American idylls have unusual roots, and so it’s no great surprise to consider that the “New Hollywood” that found its full flourish in the early 1970s had origins all the way back in 1961 with the improbable union of two artists who met and married that year. To understand the last great period of widespread creative freedom in mainstream American cinema, a period in which the movies offered not just ambiguity and complexity but an almost infinite sense of possibility resounding through the culture at large, we might look to the turbulent story of this couple, whose own artistic capacities might have seemed, for a moment, likewise without limit.
Brooke Hayward was a blue blood: The daughter of a debonair talent agent and the actor Margaret Sullavan, she’d grown up in Connecticut and Brentwood, California. Dennis Hopper was, well, Dennis Hopper: the child of an unusually progressive family in Dodge City, Kansas, who’d instilled in him both liberal values and no small amount of neurosis. Both were young actors, students of Lee Strasberg, the great teacher of Method acting, when they met in New York City, cast together in a play called Mandingo. Brooke loathed Dennis, Dennis fell in love, and—once Brooke came around—one of the more colorful and consequential alliances of the ’60s was born.
This is the story Mark Rozzo’s Everybody Thought We Were Crazy: Dennis Hopper, Brooke Hayward, and 1960s Los Angeles presents, in terms that are mostly gripping. It is a tale driven more by encounter than incident: Hopper and Hayward collide herein with just about every major cultural personage of the American mid-century—including Miles Davis, Andy Warhol, Martin Luther King Jr., David O. Selznick. The trajectory of their marriage itself, by contrast, is less meandering than a straight line from youthful, if uneasy, semi-bliss to abusive, drug-stoked disaster in one long stride. If you want narrative complication, look elsewhere, but if you want a vibrant depiction of how some of the most substantial creative figures of the 20th century jostled against and inspired one another? Look here. What makes Rozzo’s book exciting is not just the collective artistic firepower of the various names involved, but the many surprising ways in which these names interact, and the ways in which these interactions occasionally give rise to significant cultural events.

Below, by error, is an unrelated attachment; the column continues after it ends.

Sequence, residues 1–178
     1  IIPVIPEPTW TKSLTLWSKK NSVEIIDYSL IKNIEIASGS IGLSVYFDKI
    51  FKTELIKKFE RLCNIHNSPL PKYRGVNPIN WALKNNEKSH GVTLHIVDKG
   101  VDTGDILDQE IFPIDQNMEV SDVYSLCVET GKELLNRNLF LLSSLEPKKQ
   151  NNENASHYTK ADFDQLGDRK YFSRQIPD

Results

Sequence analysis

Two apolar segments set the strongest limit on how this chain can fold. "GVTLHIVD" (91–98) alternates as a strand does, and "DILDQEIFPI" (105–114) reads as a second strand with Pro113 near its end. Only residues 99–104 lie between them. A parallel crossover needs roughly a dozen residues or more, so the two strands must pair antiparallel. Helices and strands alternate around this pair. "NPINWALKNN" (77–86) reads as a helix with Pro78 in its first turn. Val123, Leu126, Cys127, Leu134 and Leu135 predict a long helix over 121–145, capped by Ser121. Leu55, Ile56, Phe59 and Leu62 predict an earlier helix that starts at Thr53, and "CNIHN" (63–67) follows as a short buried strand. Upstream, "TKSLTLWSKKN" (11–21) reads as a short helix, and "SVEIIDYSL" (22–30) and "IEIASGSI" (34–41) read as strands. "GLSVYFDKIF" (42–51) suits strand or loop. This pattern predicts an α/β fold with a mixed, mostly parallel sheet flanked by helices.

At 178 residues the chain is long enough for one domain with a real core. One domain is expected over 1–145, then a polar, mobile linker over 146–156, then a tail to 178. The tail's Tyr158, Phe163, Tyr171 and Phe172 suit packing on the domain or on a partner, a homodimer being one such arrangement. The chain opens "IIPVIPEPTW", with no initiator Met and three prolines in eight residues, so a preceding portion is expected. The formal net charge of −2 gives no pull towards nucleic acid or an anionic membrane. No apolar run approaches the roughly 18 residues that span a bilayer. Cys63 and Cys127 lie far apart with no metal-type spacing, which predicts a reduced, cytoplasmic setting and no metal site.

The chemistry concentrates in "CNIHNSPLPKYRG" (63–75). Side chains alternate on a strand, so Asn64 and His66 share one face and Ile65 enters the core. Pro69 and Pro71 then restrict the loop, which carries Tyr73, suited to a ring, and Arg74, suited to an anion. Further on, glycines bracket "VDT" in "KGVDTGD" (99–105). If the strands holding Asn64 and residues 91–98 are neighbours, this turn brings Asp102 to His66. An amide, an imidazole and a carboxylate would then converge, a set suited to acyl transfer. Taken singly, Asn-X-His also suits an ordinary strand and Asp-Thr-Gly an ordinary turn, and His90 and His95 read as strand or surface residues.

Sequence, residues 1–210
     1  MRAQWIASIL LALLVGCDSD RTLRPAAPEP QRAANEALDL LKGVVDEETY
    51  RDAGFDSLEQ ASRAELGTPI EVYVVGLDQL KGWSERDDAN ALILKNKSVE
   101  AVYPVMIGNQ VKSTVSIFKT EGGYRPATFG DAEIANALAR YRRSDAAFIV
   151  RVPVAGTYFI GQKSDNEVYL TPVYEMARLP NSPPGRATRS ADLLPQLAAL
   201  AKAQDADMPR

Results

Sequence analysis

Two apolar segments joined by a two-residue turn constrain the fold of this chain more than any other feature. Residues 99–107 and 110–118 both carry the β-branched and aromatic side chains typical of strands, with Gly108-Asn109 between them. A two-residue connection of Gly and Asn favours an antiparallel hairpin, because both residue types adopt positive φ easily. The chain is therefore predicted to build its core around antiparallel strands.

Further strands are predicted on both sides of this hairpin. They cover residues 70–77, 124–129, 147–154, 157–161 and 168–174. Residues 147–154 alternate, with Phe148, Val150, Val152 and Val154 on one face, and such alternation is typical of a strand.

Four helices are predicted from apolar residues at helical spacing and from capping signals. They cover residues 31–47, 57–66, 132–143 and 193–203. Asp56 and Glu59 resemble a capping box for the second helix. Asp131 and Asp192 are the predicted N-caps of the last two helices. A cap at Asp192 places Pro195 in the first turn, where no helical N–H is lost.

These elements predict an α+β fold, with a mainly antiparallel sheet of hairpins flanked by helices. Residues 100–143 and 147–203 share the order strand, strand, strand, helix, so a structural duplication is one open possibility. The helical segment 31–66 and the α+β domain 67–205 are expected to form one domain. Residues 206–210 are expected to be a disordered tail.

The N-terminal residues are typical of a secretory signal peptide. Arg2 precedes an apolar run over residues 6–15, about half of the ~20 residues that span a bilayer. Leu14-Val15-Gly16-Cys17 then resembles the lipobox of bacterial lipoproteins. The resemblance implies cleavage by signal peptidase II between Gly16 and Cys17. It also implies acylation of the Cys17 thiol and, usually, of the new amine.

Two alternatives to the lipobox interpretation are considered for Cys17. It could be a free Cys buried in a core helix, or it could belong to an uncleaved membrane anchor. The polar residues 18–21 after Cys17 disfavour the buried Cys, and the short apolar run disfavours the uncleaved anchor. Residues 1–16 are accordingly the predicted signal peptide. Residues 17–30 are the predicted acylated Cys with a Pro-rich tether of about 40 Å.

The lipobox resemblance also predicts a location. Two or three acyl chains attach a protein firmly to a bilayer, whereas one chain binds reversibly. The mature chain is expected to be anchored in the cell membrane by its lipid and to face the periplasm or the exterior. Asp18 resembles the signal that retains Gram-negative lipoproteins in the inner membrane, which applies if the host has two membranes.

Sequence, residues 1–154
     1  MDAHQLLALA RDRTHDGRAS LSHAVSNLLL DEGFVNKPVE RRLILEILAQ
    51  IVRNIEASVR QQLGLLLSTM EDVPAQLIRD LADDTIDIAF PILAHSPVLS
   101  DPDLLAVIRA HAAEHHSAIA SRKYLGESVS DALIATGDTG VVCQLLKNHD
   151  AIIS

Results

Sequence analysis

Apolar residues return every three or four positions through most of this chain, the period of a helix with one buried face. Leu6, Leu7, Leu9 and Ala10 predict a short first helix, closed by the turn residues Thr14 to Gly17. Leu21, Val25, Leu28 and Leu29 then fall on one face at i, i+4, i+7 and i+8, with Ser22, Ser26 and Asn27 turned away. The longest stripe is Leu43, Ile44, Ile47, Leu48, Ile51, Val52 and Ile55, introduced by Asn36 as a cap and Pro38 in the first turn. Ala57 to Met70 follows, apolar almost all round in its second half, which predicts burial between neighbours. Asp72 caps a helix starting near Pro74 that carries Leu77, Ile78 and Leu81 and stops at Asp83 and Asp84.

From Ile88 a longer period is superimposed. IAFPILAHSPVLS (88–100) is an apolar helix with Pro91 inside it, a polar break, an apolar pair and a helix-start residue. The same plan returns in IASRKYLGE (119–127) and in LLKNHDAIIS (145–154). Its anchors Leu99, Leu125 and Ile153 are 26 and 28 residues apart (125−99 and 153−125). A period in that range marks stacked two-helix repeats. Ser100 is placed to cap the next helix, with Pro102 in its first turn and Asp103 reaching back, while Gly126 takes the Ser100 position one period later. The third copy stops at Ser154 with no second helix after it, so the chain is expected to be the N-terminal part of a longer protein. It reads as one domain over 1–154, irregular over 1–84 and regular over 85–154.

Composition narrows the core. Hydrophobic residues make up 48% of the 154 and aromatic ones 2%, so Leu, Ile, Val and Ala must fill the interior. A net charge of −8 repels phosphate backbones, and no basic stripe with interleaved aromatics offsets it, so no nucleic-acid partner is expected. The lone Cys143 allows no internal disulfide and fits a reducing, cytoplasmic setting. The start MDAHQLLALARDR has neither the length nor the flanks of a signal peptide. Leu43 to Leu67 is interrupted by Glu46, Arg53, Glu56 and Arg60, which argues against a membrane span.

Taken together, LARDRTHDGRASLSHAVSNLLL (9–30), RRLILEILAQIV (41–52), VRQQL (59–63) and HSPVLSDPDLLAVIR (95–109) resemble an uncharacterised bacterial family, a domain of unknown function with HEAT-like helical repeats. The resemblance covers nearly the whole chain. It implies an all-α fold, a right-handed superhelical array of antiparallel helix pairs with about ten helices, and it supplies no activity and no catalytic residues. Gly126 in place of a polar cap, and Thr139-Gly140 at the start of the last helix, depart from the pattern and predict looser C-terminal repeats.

Rozzo wisely begins his telling with what might be its most stirring dramatic episode: It’s 1961. Hayward and Hopper are young newlyweds, freshly settled in Bel Air, when the canyon their house is situated in catches fire (nearly 500 homes, including Zsa Zsa Gabor’s and Aldous Huxley’s, would be destroyed). The couple, along with Hayward’s two children from a previous marriage, are forced to relocate, and everything they own is gone. They must start again, and that starting again—together they buy a home at 1712 N. Crescent Heights Boulevard and fill it with contemporary art, and contemporary people—makes up the story of Rozzo’s book.
Hayward is a promising young actor at this point, freshly launched on her Hollywood career with a feature called Mad Dog Coll, and Hopper is a former protégé of James Dean’s (the two had appeared together in both Giant and Rebel Without a Cause) who has already exhausted the patience of the mighty Hollywood powers. (Most famously, he’d colorfully told off Columbia Pictures’ Harry Cohn in a meeting that might otherwise have landed him a starring role opposite Kim Novak in 1955.) Now he’s at once a has-been and a wannabe: a painter, a photographer who will soon latch on to his dream of directing a movie, but for now scraping out a living doing bit parts on television shows such as 87th Precinct. As Joanne Woodward put it when she accompanied him to the Giant premiere: “Dennis is a genius. I’m not sure of what, and I’m not sure if Dennis knows of what.”